Dear Mother Nature,
Why is it necessary for me to be awake for every single hot flash? What possible evolutionary purpose was served here? Waking up five times a night just to experience what I go through 20 times a day is stupidy. I'm just sayin.
Thursday, August 31, 2006
Wednesday, August 30, 2006
Curiously, Sen. Stevens denies that his hold was "secret," and that he put the hold on the legislation simply because he had some "concerns" that he had communicated to Sen. Coburn which had never been addressed.
Oh, really? According to Andrea Koppel's report on CNN just now, Sen. Coburn's office says that Stevens never voiced any concerns to him and in fact, never even attended any of the meetings where the bill was discussed.
Here's what really seems to be going on, people - look at the last two paragraphs of Ms. Koppel's report:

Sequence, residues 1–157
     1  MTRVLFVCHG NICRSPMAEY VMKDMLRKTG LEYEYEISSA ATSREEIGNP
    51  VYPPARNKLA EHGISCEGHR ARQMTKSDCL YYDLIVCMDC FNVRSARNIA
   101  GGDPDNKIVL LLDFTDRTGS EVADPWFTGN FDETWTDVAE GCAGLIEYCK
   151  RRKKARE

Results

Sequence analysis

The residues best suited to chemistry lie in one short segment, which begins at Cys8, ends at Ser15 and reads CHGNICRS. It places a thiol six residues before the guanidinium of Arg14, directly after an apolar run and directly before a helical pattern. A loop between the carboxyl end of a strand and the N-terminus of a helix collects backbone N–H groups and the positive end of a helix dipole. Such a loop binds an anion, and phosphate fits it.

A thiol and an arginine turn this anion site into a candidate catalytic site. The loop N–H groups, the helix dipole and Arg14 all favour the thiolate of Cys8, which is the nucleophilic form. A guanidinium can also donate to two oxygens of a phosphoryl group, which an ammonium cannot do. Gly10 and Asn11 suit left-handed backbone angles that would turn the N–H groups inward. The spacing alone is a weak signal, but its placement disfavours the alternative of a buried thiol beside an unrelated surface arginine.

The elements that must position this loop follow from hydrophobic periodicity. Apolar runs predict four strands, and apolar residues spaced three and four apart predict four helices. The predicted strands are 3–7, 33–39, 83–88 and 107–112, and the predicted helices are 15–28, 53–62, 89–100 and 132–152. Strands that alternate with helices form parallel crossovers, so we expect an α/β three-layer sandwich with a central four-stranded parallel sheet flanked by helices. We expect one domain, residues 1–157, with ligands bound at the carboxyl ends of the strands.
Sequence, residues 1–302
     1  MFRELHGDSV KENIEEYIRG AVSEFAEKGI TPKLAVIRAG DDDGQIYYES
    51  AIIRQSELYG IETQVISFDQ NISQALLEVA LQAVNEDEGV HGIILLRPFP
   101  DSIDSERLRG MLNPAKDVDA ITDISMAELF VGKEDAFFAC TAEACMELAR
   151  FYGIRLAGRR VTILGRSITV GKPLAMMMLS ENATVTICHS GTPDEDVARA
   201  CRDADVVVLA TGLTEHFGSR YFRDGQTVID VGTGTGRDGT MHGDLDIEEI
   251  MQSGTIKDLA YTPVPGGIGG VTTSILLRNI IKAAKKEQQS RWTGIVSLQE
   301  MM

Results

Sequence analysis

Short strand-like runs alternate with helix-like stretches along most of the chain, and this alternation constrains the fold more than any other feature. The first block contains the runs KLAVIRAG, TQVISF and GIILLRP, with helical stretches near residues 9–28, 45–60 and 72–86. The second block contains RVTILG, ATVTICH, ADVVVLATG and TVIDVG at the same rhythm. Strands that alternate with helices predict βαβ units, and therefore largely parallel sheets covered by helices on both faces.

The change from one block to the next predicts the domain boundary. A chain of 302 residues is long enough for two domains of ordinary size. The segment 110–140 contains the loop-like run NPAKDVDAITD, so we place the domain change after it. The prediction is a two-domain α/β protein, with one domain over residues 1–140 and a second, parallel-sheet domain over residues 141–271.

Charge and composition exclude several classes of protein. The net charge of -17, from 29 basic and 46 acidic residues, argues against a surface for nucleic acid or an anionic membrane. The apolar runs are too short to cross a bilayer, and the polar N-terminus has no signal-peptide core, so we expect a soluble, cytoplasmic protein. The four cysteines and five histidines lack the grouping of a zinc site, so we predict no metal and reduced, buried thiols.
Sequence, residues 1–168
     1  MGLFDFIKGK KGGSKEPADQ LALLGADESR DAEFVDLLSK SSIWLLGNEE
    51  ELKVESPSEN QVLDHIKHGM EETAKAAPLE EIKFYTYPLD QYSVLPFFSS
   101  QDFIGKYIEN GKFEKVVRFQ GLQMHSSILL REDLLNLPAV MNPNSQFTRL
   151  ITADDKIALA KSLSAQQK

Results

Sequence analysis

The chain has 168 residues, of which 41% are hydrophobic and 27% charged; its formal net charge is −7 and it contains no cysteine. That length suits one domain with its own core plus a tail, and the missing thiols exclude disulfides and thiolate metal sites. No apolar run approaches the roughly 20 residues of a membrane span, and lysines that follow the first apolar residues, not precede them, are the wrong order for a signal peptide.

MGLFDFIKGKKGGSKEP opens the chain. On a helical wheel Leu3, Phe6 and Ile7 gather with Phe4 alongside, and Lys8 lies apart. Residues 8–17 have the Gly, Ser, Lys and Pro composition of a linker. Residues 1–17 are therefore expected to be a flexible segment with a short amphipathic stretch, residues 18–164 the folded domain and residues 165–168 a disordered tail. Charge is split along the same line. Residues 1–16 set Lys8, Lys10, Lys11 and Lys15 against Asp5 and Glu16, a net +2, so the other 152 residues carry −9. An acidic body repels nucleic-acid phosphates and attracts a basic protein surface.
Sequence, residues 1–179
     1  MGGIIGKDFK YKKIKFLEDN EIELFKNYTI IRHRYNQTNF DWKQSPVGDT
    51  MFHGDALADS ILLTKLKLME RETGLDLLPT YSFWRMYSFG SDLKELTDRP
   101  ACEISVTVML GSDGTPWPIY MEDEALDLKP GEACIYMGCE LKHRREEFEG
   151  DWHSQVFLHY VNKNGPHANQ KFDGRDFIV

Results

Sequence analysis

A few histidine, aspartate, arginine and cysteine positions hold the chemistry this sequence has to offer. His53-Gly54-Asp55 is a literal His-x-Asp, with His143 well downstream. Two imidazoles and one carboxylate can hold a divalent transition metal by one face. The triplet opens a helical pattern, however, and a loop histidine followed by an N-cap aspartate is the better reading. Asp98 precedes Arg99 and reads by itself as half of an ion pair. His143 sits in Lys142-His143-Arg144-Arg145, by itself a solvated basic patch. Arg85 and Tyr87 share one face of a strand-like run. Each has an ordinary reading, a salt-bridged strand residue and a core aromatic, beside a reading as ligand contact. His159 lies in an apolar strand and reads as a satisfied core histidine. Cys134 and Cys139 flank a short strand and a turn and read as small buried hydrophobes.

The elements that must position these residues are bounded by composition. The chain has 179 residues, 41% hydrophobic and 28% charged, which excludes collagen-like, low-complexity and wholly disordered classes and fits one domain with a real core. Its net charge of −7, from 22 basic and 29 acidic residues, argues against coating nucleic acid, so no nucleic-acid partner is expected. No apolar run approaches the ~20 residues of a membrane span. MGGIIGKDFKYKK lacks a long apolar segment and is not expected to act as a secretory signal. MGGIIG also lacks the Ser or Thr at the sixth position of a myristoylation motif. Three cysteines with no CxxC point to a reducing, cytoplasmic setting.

Last year a proposed $223 million for a "bridge to nowhere" connecting Alaska's Gravina Island -- population 50 -- to the mainland caused a nationwide furor. The allocation was backed by Stevens and fellow Republican Rep. Don Young of Alaska, the powerful chairman of the House Committee on Transportation and Infrastructure. The earmarked funding for the bridge was later rescinded by Congress. However, Alaska's overall allocation of federal transportation funds was not decreased, and the state is free to spend the federal dollars to build the bridge if it wishes.
When Coburn tried to block funds for the bridge, he was heavily denounced by Stevens on the Senate floor.
Tuesday, August 29, 2006
Someone in the Senate does not want you to know how $2.5 trillion of your money is awarded to contractors, and that someone has ANONYMOUSLY blocked the issue from coming to a vote.
We've got to rat this person(s) out, and that means that the people of Alaska, Delaware, Florida, Idaho, New Hampshire, Utah, and West Virginia have work to do: Call your Senators and ask them to officially deny that they were the one(s) who put a secret hold to stop legislation sponsored by Senators Obama and Coburn from ever coming to a vote. Then, go to this website and report what you were told.